Access Type

Open Access Dissertation

Date of Award

January 2016

Degree Type


Degree Name




First Advisor

Ellen Barton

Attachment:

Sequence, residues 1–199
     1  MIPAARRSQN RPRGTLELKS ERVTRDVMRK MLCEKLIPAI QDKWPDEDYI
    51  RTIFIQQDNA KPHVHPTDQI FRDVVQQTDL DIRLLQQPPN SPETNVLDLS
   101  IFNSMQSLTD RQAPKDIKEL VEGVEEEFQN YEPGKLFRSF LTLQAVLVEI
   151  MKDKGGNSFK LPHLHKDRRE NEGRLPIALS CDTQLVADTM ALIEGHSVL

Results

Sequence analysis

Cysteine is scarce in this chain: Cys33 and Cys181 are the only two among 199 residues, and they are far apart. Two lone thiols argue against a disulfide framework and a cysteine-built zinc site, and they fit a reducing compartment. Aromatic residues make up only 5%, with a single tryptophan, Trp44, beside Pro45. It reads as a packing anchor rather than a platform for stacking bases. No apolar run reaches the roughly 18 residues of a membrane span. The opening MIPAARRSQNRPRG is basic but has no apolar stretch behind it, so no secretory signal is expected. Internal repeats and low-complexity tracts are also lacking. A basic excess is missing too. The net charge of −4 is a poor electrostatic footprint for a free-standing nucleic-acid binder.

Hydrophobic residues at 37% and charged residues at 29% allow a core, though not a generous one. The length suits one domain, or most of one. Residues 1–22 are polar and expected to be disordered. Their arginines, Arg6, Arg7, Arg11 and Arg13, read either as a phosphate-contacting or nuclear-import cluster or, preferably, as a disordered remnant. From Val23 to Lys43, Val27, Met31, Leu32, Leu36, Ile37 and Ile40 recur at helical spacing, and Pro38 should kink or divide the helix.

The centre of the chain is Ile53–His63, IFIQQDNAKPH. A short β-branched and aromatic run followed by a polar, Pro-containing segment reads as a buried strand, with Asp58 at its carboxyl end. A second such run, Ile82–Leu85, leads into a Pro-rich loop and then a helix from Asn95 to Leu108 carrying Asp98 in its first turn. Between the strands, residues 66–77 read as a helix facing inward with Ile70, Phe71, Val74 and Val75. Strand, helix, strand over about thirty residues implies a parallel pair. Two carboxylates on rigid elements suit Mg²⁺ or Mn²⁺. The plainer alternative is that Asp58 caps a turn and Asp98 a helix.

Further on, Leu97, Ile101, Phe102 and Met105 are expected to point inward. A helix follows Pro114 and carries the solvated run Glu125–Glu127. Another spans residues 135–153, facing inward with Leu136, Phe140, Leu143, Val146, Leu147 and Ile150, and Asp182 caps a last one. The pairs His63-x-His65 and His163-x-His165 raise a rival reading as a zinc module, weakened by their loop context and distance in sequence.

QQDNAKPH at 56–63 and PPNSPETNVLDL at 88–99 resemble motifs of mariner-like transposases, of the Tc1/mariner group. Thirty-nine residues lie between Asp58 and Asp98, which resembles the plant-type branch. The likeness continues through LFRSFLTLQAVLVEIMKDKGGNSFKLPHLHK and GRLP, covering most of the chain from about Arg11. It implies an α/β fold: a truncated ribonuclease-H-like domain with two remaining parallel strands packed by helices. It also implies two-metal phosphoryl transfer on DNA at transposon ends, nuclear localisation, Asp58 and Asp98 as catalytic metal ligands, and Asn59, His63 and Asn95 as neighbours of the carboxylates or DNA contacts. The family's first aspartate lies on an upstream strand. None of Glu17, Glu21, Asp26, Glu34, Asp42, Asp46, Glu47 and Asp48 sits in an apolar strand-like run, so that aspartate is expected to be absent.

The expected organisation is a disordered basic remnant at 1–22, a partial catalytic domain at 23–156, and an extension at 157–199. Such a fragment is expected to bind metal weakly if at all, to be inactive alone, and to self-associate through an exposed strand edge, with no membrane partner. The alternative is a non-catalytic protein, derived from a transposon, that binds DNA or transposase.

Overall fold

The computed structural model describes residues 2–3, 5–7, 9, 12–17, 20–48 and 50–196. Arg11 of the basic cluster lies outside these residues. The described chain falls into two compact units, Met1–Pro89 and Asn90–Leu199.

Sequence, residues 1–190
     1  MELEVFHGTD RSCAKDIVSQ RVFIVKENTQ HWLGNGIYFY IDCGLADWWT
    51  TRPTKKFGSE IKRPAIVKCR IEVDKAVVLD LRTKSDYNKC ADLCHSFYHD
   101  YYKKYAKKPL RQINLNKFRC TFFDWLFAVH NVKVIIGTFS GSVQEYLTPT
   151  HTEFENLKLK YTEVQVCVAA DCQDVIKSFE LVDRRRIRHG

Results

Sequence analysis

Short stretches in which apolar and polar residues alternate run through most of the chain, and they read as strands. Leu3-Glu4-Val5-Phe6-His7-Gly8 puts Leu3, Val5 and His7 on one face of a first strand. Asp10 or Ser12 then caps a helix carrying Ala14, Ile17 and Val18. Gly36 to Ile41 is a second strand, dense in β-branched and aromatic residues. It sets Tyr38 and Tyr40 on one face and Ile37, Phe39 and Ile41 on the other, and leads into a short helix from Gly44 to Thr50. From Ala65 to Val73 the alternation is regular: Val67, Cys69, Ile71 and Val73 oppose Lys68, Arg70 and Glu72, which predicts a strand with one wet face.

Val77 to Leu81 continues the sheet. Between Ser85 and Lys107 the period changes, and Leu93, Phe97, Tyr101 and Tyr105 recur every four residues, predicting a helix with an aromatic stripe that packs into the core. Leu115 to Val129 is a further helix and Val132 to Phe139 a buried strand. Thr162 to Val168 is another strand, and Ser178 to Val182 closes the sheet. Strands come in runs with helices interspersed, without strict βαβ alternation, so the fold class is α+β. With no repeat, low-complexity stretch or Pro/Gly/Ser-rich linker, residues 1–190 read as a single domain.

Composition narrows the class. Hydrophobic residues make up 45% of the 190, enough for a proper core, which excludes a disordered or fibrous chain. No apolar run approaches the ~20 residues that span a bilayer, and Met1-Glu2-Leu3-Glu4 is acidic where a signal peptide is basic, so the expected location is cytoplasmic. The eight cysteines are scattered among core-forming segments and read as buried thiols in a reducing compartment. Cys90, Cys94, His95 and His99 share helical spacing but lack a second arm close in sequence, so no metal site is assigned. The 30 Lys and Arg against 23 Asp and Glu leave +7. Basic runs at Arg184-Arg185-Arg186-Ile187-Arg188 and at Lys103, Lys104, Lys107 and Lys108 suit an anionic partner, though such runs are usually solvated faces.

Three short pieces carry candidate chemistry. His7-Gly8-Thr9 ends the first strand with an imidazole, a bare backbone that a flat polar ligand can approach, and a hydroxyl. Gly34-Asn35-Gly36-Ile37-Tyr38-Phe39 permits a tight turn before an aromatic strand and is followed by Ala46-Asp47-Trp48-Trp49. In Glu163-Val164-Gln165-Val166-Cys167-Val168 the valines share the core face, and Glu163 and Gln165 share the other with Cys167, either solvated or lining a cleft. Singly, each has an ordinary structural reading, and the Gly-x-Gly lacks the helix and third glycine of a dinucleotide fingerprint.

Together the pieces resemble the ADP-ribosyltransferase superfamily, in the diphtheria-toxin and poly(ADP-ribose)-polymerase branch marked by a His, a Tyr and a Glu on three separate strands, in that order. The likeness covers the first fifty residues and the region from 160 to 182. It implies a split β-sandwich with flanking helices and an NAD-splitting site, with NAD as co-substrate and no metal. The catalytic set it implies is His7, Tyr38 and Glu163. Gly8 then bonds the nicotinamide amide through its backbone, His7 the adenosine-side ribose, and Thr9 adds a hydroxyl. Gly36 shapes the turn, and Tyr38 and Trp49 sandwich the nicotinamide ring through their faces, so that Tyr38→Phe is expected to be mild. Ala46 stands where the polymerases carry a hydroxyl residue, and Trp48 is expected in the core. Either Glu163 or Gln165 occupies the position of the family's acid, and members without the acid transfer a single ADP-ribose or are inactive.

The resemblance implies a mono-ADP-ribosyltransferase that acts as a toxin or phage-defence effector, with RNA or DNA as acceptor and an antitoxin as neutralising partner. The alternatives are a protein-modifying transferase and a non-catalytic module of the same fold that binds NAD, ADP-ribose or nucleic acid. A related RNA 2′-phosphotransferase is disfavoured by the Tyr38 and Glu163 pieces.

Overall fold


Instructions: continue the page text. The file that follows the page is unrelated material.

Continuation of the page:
Applying a public sphere approach to Wayne State, I argue that the university has defined itself as a public subject within public debates about race, educational access, and economic development in the city of Detroit, even when such commitments to its local urban public sphere have existed uneasily alongside its ambition to function as a research university with a primary research mission within a wider public sphere of peer research universities. I focus on Wayne State University’s urban mission and open for consideration the ways the university has both expanded and contracted its relationships to its local and academic public spheres in the past century and a half. This argument is developed by tracing the past, present, and possible future of the University’s urban mission through readings of what I identify as institutional texts—texts created by, within, or on behalf of the University which make legible the ways in which Wayne State’s role within its constituent publics has been continuously articulated and rearticulated since its founding nearly 150 years ago. The work in this dissertation contributes to scholarship in publics theory and public rhetoric, first, by arguing that tensions between publics are legibly inscribed in institutional texts; and second, by demonstrating a critical methodology for understanding institutions as public subjects.